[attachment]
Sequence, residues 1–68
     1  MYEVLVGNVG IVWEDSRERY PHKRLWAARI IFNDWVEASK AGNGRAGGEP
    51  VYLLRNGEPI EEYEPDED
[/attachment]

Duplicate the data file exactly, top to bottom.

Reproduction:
Sequence, residues 1–68
     1  MYEVLVGNVG IVWEDSRERY PHKRLWAARI IFNDWVEASK AGNGRAGGEP
    51  VYLLRNGEPI EEYEPDED